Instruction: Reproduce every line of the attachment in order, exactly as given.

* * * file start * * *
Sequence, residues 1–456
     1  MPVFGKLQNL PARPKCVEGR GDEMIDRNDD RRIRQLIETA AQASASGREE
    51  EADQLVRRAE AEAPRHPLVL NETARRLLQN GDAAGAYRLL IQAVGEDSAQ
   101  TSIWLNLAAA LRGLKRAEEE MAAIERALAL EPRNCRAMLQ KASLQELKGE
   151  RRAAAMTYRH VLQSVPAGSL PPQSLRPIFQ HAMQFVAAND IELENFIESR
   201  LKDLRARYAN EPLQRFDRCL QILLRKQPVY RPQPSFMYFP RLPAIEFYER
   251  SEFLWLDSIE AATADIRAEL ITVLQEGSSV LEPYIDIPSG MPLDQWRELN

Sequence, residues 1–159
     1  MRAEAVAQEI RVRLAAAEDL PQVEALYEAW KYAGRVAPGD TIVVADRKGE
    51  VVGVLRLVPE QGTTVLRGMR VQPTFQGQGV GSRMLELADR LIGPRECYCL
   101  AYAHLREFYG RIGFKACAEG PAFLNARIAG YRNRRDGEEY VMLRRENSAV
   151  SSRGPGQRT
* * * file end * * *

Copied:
Sequence, residues 1–456
     1  MPVFGKLQNL PARPKCVEGR GDEMIDRNDD RRIRQLIETA AQASASGREE
    51  EADQLVRRAE AEAPRHPLVL NETARRLLQN GDAAGAYRLL IQAVGEDSAQ
   101  TSIWLNLAAA LRGLKRAEEE MAAIERALAL EPRNCRAMLQ KASLQELKGE
   151  RRAAAMTYRH VLQSVPAGSL PPQSLRPIFQ HAMQFVAAND IELENFIESR
   201  LKDLRARYAN EPLQRFDRCL QILLRKQPVY RPQPSFMYFP RLPAIEFYER
   251  SEFLWLDSIE AATADIRAEL ITVLQEGSSV LEPYIDIPSG MPLDQWRELN

Sequence, residues 1–159
     1  MRAEAVAQEI RVRLAAAEDL PQVEALYEAW KYAGRVAPGD TIVVADRKGE
    51  VVGVLRLVPE QGTTVLRGMR VQPTFQGQGV GSRMLELADR LIGPRECYCL
   101  AYAHLREFYG RIGFKACAEG PAFLNARIAG YRNRRDGEEY VMLRRENSAV
   151  SSRGPGQRT